I watched this early silent on my phone while waiting in the Sunoco lobby for my car inspection and service to finish. (Sorry, David Lynch.)
You can count on one hand the number of pre-1920 features I’ve seen that I’d ever consider watching again for my own entertainment and enlightenment, as opposed to historical context and curiosity. My expectation with anything in the 1910s is that it’s not going to feel properly like a “film.”
Indeed, A Fool There Was is barely functional as cinematic storytelling, with swaths of indistinguishable side characters and haphazard editing that sometimes lingers on boring stillness for 30+ seconds for no obvious reason.
That said, there is a lot of really interesting stuff going on here. First, we have one of the only surviving features starring Theda Bara, one of cinema’s great early sex icons. Here she is the textbook definition of a “vamp” (related to, but distinct from, our modern usage of the term “vampire”): an exotic femme fatale of such ravishing sex appeal that her ability to seduce men is depicted as borderline supernatural. She’s easily the most appealing part of this movie, her allure popping off the screen in an era where film was expected to be frigid with chastity. It’s a joy to see filmmakers figuring out the visual language of sensuality on the fly.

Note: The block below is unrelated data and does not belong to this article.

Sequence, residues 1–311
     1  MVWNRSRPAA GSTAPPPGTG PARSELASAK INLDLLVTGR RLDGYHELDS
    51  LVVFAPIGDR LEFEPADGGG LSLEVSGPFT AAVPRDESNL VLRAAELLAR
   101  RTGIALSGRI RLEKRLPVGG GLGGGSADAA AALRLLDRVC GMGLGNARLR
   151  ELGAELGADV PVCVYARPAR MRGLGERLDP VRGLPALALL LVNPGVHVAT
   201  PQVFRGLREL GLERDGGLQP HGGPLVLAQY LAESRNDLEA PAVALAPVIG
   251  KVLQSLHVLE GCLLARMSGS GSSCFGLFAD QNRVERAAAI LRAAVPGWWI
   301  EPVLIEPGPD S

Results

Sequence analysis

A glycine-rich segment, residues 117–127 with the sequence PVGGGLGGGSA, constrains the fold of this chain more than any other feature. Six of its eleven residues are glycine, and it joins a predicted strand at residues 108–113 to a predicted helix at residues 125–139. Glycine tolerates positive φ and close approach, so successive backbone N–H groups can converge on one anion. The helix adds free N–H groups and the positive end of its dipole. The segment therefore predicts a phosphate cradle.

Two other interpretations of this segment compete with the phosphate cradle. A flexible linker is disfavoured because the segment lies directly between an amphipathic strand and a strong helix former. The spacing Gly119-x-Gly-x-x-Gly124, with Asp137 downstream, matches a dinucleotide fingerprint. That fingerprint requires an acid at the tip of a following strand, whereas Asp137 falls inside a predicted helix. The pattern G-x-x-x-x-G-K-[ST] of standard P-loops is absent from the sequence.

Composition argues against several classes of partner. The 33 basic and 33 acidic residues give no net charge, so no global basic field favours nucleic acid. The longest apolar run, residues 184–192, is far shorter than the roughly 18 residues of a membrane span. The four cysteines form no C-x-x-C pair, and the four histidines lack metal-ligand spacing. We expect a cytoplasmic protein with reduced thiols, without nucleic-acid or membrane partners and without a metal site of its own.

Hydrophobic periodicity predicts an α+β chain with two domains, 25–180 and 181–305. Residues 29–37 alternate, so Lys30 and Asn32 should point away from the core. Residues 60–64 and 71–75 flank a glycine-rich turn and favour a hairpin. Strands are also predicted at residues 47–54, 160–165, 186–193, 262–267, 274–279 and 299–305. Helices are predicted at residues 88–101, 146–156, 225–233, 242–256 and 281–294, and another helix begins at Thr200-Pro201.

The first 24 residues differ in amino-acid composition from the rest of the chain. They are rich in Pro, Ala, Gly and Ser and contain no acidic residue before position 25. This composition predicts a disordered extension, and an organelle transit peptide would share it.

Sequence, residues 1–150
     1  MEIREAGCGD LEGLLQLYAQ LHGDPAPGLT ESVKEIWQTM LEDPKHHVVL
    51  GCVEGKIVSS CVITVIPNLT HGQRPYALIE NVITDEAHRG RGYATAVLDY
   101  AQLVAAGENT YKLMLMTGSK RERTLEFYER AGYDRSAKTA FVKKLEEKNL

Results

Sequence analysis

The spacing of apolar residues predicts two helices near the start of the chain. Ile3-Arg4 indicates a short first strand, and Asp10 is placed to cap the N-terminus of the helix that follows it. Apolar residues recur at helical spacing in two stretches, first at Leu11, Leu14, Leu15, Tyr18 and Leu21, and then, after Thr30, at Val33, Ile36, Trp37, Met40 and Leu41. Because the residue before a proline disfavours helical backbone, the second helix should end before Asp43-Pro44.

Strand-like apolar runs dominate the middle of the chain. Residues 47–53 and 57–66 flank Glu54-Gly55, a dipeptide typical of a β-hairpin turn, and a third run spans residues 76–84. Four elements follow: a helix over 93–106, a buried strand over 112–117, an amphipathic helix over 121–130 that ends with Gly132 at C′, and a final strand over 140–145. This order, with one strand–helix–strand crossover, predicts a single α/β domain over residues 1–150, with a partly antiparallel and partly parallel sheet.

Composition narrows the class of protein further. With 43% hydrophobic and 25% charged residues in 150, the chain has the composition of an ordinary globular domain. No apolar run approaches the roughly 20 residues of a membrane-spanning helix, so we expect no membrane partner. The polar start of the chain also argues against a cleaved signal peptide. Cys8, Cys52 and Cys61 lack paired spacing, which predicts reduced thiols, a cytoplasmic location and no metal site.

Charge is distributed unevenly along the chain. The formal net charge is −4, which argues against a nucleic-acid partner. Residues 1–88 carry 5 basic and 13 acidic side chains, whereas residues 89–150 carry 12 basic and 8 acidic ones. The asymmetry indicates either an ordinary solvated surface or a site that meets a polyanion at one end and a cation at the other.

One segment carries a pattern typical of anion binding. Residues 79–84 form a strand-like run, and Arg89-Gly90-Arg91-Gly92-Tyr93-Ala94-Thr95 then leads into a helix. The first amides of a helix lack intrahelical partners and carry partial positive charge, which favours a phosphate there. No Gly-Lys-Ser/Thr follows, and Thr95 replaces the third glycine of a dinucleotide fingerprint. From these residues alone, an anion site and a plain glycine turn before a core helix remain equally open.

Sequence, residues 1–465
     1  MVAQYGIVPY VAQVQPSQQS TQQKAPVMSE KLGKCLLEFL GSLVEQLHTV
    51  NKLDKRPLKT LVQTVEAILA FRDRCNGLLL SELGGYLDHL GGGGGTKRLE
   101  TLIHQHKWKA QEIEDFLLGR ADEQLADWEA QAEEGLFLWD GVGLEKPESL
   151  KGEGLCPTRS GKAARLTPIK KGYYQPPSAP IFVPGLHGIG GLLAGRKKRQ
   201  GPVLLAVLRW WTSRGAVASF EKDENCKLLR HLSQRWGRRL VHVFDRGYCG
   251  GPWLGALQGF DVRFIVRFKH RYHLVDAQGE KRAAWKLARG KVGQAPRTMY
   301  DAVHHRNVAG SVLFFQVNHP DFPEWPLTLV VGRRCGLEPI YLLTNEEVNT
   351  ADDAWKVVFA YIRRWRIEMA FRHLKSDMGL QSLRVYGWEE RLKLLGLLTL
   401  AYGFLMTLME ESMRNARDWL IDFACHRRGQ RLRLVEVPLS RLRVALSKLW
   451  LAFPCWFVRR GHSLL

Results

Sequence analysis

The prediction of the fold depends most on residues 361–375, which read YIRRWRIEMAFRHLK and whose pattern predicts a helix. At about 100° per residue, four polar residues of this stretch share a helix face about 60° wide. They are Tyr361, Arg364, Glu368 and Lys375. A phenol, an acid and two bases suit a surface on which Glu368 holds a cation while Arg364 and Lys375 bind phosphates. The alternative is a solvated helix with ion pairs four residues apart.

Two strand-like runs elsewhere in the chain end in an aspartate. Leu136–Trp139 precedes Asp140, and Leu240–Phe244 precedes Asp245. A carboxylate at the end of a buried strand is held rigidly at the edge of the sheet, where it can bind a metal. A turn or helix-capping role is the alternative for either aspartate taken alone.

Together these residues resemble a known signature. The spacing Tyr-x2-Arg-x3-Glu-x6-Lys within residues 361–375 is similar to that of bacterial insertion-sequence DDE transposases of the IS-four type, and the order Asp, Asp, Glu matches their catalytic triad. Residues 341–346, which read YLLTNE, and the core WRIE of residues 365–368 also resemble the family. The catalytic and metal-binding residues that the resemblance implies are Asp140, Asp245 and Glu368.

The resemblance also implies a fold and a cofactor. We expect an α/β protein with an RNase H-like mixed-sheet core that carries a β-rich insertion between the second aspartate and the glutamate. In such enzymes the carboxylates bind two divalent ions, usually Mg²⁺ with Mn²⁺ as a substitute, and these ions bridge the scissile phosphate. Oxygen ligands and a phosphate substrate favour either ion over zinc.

There’s also some pretty interesting (if still primitive) shots and set pieces, including a real-ass huge cruise ship set on which the seduction first occurs. I also dug a very late sequence in which the “victim” of Theda Bara reminisces on the life he lost due to his infidelity via flashbacks. It’s almost hallucinatory and radically non-linear for the era.
It must be said that the sexual politics of this film are remarkably sexist, even with some minor stabs at female empowerment. Theda Bara is glorious, but she’s unambiguously villainous, preying upon a “good man.” This angle a bit of a bummer, but par for the course of early cinema.
So, in short, A Fool There Was alternates between compelling and nearly unwatchable depending on how much boundary-pushing it’s doing at the moment and how much Theda Bara is onscreen. And that’s honestly a pretty high ratio in 65 quick minutes.
Not Very Good (3/8)
Note: This review was originally published elsewhere. Please excuse brevity or inconsistencies in style. If you have questions or feedback, please leave a comment or contact me.